• Painted Turtle (Chrysemys picta): These pond turtles are native to North America. Painted turtles eat algae, aquatic plants, insects, fish, amphibians, and crustaceans; they are omnivores.
  • European Pond Turtle (Emys orbicularis): European pond turtles are native to southern Europe. They eat anything they can get, including aquatic plants, amphibians, and fish. They are omnivores.

Surviving Through the Winter

Pond turtles are common in the Northern Hemisphere, where winters can be long and harsh. Prey items are scarce during these cold months, and waters turn icy, forcing pond turtles to slow down until spring. 

In the winter, most species of pond turtle eat very little, choosing instead to either brumate, or hibernate. Brumating means that the turtle slows down everything; its breathing, its heart rate, and its metabolism, so that it needs very little food to survive. Hibernation happens when the pond turtle actually buries itself in the mud at the bottom of the pond and waits until spring.

What to Feed Your Pet Pond Turtle

What Do Pond Turtles Eat - Pet Red-Eared Slider

Pet pond turtles eat insects, leafy greens, specialized turtle pellets, vegetables, and fruit

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Pond turtles make popular pets; they are relatively easy to take care of, and some can live up to thirty years. The health and longevity of your pet pond turtle is largely dependent on what you feed them, and how well kept their environments are.

Pet pond turtles eat special turtle pellets, insects like crickets, mealworms, waxworms, and earthworms, feeder fish, and leafy greens like kale and collard greens. They can also have vegetables like shredded carrots and cut up squash. Pet pond turtles also eat fruit, especially apples, melons, and berries. Like vegetables, fruit must be cut up small enough for your pet pond turtle to eat easily.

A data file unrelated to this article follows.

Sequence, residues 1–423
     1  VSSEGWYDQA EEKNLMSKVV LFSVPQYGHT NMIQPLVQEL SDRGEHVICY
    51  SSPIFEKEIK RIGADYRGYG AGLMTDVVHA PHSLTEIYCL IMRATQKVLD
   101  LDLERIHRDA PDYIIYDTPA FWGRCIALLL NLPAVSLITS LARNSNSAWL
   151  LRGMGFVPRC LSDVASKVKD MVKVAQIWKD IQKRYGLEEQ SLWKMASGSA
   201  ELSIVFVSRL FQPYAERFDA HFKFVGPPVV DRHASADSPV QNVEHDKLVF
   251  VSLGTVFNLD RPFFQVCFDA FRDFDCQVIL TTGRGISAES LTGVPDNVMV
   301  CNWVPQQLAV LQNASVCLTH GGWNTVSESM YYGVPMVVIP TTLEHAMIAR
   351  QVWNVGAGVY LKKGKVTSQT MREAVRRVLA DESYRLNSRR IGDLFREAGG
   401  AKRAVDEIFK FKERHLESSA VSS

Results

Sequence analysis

If your pet pond turtle doesn’t eat all of their fresh food within a few hours, be sure to remove it from their enclosure, as wilted or rotten food can make them sick. Consult a veterinary expert on the best dietary regime for your pet pond turtle.

Pond turtles require clean enclosures with at least one source of fresh water. Most species are unable to regulate their internal temperatures, and must have a source of warmth, like a heat lamp, to stay warm enough. 

What Do Baby Pond Turtles Eat?

Pond turtles lay eggs in clutches, often along the banks of rivers or ponds. The sex of the offspring is entirely dependent on the temperature of the eggs as they incubate. Once the eggs hatch, the baby turtles are left to fend for themselves. 

Baby pond turtles eat a variety of plants and animals, including small insects, aquatic plants, larvae, and algae. Their diets tend to be more carnivorous then those of adult turtles; this may be because they require a lot of protein to grow. They are often eaten by larger predators, like raccoons, birds, bass, and even humans.

The photo featured at the top of this post is © Mark Leung/Shutterstock.com

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About the Author

Brandi is a professional writer by day and a fiction writer by night. Her nonfiction work focuses on animals, nature, and conservation. She holds degrees in English and Anthropology, and spends her free time writing horror, scifi, and fantasy stories.